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Region's voters drive home point about roads

by Nora Edinger

REGIONAL EDITOR

In a complicated world, regional residents' opinions on roads are quite simple. They want smooth, safe highways with as few curves as possible.

Random street interviews indicate residents throughout the area want to complete the controversial Corridor H, which is intended to link North Central West Virginia region to the Virginia state line.

However, a small number of interviewees expressed concerns about the environmental impact of major highway construction in a state that is quickly becoming a recreational tourism leader.

Here are some specific comments readers shared:

Gretchen Cleavenger, Volga

This Barbour County woman is tired of comparing other state's highways to West Virginia's. She believes many mountain highways are treacherous.

"Yesterday's roads belong in yesterday," Cleavenger said. "We have to have highways that will keep up with modern life."

Mark Wood, West Union

This Doddridge County man believes ease of transportation is important to West Virginia's survival.

"The infrastructure is most important," Wood said. 'If we're not able to get from point A to point B, we're going to be in trouble."

For Wood, this means current roads, especially county roads, need improvement and new roads, especially Corridor H, should be built.

"We need that new development to open the state up for tourism and business. Myself, I travel to the D.C. area and it would be nice to be able to cut through there."

Melinda Anderson, Clarksburg

This Harrison County woman believes pavement conditions are deteriorating and would like to see more money dedicated to maintaining existing roadways.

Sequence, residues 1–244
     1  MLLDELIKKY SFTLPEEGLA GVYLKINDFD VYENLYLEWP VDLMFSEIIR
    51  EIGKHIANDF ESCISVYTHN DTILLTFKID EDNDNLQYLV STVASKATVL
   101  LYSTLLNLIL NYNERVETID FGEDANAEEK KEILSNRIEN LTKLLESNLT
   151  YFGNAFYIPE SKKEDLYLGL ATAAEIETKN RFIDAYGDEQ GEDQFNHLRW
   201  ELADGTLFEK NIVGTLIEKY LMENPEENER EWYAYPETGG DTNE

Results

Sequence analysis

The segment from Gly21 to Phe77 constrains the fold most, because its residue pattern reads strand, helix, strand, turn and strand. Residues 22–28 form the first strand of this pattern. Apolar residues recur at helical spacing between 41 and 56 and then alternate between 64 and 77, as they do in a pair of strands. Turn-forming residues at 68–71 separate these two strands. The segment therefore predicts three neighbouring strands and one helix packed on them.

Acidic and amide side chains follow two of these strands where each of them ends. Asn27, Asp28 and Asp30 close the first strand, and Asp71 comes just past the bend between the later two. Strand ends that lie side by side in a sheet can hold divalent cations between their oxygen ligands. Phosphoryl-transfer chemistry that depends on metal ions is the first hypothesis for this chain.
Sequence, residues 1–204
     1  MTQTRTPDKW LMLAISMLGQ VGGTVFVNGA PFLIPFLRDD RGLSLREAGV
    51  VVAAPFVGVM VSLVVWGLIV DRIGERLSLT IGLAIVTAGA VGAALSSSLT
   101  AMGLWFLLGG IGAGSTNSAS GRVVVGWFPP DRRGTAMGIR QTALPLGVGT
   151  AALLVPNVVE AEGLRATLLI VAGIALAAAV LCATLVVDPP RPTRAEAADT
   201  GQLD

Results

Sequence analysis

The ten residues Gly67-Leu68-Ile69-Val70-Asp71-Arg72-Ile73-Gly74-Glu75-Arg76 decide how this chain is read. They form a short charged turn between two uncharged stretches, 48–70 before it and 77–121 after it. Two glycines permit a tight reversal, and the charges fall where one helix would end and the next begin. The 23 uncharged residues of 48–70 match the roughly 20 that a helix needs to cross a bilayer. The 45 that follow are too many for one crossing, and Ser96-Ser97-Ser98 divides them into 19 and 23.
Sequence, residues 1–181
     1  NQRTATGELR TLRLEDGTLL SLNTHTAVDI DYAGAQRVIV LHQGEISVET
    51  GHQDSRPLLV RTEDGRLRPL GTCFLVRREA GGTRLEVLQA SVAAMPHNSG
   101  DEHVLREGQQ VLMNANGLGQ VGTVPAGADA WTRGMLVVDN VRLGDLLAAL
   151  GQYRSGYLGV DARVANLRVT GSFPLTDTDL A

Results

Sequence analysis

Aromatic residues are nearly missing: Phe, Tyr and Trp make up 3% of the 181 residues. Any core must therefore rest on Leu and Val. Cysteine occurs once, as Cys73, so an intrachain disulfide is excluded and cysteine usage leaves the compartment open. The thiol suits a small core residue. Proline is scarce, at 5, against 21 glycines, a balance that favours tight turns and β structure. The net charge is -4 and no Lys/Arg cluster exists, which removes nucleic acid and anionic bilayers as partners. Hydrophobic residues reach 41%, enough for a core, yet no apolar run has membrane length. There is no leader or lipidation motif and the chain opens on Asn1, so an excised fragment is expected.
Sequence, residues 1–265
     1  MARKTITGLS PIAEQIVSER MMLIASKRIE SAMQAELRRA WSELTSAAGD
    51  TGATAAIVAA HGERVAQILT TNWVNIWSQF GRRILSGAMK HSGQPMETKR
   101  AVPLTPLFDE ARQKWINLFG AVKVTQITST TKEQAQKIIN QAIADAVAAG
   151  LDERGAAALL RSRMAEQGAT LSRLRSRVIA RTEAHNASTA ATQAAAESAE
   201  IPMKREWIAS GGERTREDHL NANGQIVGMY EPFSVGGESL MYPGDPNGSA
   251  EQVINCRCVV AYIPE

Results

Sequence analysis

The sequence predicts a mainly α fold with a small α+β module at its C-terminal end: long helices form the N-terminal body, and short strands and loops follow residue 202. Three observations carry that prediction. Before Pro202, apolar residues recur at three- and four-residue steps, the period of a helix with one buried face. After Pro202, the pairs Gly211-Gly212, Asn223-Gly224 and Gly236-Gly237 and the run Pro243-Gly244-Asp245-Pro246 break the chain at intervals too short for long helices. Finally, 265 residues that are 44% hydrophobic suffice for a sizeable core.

"There are a lot of potholes and back roads that need fixed," Anderson said.

Kristopher Hussman,

Buckhannon and Atlanta

An Atlanta resident attending West Virginia Wesleyan College, Hussman would like to see national-level politicians allocate more money to the development of mass transportation.

In Atlanta, he said the subway system is a nice idea, but does not reach enough areas to make it a practical alternative to driving a car.

"I'm concerned about the environment and pollution," Hussman said of public transportation. "It would save resources. It also promotes community."

Linda Crowl, Buckhannon

Tired of seeing her dozer-operator husband only on weekends during building season, Crowl has a bone to pick with legislators who award big road contracts to out-of-state firms.

"My husband ... has to go out of state to get work," Crowl said. "He's in Manassas, Va. right now. He has 20-something years of experience and can't get a job at home."

Her husband has also worked in Florida, North Carolina and South Carolina, but never on a large West Virginia contract, she said.

Regional editor Nora Edinger can be reached at 626-1403.

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